We had been thinking about taking this road trip around northern Italy for months. It’s where we wanted to go when we could finally go somewhere again. But now that we’re here, it isn’t as imagined.
Fog rolls in so thick it’s like driving through cream-of-mushroom soup, which wouldn’t have been a major issue in the adorable Fiat 500 we’d rented for the trip, but this is the day I’d arranged to drive a brutally fast 12-cylinder Ferrari 812 GTS on its home turf. The idea was to figure out why Ferrari’s V12 cars have been at the top of the automotive food chain for half a century, and if they still are in the electric era. It would also, in theory, be fun.
Instead, I find myself concentrating deeply on not crashing this $469,318 Ferrari into the rear end of a barely visible delivery van in front of us.
We’re heading south from Ferrari’s Maranello headquarters in the region of Emilia-Romagna, over the Apennine mountains and into Tuscany via a route known as the SS12 Abetone Pass. It’s supposedly a spectacular mountain road sometimes used by Ferrari’s test drivers to put new cars through their paces. On this day, however, all the camouflaged Ferrari prototypes I see are heading back toward the factory. Nobody in their right mind would test drive a car on a day like this, except me apparently. My pregnant girlfriend, who is along for the ride, is understandably a little nervous in the passenger seat. We keep driving because this is probably the last time we’ll be in Italy, or in a two-seat sports car together, for the next 18 years, give or take.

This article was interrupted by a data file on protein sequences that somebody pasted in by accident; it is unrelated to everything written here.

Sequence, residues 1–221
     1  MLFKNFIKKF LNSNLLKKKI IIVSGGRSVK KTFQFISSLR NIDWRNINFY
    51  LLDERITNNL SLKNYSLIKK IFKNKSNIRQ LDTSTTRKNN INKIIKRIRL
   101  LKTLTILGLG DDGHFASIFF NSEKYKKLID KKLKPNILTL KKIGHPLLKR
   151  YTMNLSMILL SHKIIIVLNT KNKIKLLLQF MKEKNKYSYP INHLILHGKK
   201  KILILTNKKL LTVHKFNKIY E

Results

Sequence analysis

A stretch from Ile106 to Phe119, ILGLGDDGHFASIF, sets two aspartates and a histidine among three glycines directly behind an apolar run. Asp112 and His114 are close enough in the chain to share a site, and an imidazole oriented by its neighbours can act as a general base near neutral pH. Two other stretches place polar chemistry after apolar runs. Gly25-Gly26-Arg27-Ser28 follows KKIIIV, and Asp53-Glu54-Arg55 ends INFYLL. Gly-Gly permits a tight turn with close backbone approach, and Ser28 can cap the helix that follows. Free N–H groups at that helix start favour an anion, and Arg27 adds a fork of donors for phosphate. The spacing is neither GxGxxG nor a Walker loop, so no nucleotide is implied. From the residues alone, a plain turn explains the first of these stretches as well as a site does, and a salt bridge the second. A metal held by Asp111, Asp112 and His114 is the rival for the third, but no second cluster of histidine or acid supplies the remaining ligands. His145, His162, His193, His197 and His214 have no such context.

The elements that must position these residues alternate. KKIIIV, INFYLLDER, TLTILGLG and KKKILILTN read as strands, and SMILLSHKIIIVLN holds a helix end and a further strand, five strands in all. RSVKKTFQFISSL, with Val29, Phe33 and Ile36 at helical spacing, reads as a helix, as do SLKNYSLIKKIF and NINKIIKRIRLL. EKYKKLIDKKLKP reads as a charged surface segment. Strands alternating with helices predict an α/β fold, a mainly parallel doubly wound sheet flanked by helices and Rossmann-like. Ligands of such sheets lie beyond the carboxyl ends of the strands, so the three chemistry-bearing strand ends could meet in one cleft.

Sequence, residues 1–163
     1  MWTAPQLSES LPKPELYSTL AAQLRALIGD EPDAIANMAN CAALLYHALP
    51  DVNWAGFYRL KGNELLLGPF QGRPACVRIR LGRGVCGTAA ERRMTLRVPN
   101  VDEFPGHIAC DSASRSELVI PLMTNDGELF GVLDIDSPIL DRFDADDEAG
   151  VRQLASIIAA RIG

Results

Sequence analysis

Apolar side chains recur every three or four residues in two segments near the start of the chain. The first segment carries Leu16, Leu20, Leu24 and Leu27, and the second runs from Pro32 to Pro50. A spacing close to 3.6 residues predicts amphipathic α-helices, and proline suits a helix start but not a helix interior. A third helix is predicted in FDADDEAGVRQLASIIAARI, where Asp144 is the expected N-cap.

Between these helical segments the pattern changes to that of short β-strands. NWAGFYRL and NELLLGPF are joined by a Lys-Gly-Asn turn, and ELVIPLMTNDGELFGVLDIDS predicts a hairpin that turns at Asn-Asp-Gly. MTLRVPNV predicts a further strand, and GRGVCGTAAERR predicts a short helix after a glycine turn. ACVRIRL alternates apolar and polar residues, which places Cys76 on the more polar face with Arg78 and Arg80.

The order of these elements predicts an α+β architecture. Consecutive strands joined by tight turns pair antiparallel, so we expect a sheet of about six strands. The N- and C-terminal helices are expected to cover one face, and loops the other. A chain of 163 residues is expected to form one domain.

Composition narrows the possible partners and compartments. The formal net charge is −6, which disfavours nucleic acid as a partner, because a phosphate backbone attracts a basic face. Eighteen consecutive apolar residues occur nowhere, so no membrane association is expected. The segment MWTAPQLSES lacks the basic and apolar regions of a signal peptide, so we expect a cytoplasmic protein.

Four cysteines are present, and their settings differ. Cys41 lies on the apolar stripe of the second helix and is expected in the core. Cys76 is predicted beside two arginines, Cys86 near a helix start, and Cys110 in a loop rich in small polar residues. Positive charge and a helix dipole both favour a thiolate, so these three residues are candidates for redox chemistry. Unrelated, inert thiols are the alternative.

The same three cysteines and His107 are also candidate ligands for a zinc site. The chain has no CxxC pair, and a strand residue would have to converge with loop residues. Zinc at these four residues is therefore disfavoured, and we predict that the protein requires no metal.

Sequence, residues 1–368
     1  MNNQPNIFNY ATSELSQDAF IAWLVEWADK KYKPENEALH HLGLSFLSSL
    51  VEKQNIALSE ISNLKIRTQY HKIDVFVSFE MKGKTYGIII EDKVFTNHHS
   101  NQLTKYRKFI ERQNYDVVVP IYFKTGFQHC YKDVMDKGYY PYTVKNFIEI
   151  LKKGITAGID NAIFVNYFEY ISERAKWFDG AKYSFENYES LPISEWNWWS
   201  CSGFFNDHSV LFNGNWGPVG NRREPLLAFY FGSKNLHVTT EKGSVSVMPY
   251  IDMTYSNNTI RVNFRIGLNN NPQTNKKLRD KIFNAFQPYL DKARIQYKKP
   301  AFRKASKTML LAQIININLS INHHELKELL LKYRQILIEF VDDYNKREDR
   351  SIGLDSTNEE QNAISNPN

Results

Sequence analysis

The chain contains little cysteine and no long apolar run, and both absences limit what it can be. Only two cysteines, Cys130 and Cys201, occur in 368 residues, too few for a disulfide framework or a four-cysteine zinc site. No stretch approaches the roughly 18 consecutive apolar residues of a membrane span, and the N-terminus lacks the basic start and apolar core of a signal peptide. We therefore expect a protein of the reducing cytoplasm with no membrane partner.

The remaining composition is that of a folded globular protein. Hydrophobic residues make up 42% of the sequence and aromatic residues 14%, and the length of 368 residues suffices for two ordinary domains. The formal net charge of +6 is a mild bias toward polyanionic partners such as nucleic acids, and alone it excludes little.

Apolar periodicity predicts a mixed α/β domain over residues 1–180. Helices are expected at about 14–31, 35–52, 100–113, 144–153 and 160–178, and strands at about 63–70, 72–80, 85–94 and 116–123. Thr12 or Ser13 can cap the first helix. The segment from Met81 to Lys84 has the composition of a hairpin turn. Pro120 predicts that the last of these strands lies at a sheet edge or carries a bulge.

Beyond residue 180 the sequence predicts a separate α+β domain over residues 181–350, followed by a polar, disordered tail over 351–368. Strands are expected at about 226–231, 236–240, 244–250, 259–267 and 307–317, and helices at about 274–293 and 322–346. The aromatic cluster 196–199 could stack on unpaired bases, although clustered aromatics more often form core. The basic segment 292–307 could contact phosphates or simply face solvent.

This is the end (and the beginning) of an era for us, and for Ferrari too. The Italian brand’s famous naturally aspirated V12 engine – an engine that Ferrari has been perfecting for 75 years and that has helped to define the brand – is very likely nearing the end of the road. Although the European Union recently exempted companies such as Ferrari and Lamborghini from stricter emissions targets until 2035, the shift to zero-emissions vehicles will surely kill the V12 as we know it. The only questions is when.
Obviously, using the full force of Ferrari’s newest (and potentially last) naturally aspirated V12 on the day of my test drive is out of the question. Rain pours and pools into big puddles that the Ferrari’s enormously wide rear tires occasionally skim over. The Pirelli rubber is designed to cope with 789 horsepower, not an Old Testament flood.
To make matters worse, the GTS is a convertible and the clouds show no sign of letting us put the top down to hear all 12 cylinders sing. The views should be spectacular, but in every direction it’s just soup.
Why go to Emilia-Romagna? Aside from the mountainous landscape, it’s where many of the world’s favourite Italian things come from. It is the birthplace of Ferrari, Lamborghini, Pagani and Maserati, as well as Ducati motorcycles. It’s also where Parmigiano Reggiano cheese comes from, and Parma ham, Culatello salami, tagliatelle and tortellini pasta, Sangiovese and Lambrusco wines, and Modenese balsamic vinegar, which bears no relation to the watery stuff we usually get back home in Canada.
And Tuscany is, well, Tuscany.
People in this part of the world tend to enjoy food and cars very much, and the local serpentine roads seem designed to connect both; all roads lead to a restaurant.